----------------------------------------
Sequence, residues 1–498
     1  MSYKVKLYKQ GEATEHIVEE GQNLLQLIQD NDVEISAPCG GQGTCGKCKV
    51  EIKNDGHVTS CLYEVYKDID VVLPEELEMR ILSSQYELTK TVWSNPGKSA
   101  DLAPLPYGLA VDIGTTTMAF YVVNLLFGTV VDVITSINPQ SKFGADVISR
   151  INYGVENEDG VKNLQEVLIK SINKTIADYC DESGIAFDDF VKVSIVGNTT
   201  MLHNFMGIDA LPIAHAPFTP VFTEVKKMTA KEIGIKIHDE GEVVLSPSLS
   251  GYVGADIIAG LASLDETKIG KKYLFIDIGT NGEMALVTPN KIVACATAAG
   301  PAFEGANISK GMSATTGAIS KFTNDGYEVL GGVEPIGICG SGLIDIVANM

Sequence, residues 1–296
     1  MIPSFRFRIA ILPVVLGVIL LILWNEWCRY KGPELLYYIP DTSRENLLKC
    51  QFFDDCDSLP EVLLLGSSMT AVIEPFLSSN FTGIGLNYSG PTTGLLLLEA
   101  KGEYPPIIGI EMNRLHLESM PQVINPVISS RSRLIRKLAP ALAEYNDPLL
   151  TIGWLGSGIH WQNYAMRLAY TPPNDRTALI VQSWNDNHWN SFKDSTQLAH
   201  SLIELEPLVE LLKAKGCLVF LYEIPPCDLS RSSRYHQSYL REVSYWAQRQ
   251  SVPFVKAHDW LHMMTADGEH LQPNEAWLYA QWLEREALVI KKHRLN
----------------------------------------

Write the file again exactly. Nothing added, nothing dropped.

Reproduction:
Sequence, residues 1–498
     1  MSYKVKLYKQ GEATEHIVEE GQNLLQLIQD NDVEISAPCG GQGTCGKCKV
    51  EIKNDGHVTS CLYEVYKDID VVLPEELEMR ILSSQYELTK TVWSNPGKSA
   101  DLAPLPYGLA VDIGTTTMAF YVVNLLFGTV VDVITSINPQ SKFGADVISR
   151  INYGVENEDG VKNLQEVLIK SINKTIADYC DESGIAFDDF VKVSIVGNTT
   201  MLHNFMGIDA LPIAHAPFTP VFTEVKKMTA KEIGIKIHDE GEVVLSPSLS
   251  GYVGADIIAG LASLDETKIG KKYLFIDIGT NGEMALVTPN KIVACATAAG
   301  PAFEGANISK GMSATTGAIS KFTNDGYEVL GGVEPIGICG SGLIDIVANM

Sequence, residues 1–296
     1  MIPSFRFRIA ILPVVLGVIL LILWNEWCRY KGPELLYYIP DTSRENLLKC
    51  QFFDDCDSLP EVLLLGSSMT AVIEPFLSSN FTGIGLNYSG PTTGLLLLEA
   101  KGEYPPIIGI EMNRLHLESM PQVINPVISS RSRLIRKLAP ALAEYNDPLL
   151  TIGWLGSGIH WQNYAMRLAY TPPNDRTALI VQSWNDNHWN SFKDSTQLAH
   201  SLIELEPLVE LLKAKGCLVF LYEIPPCDLS RSSRYHQSYL REVSYWAQRQ
   251  SVPFVKAHDW LHMMTADGEH LQPNEAWLYA QWLEREALVI KKHRLN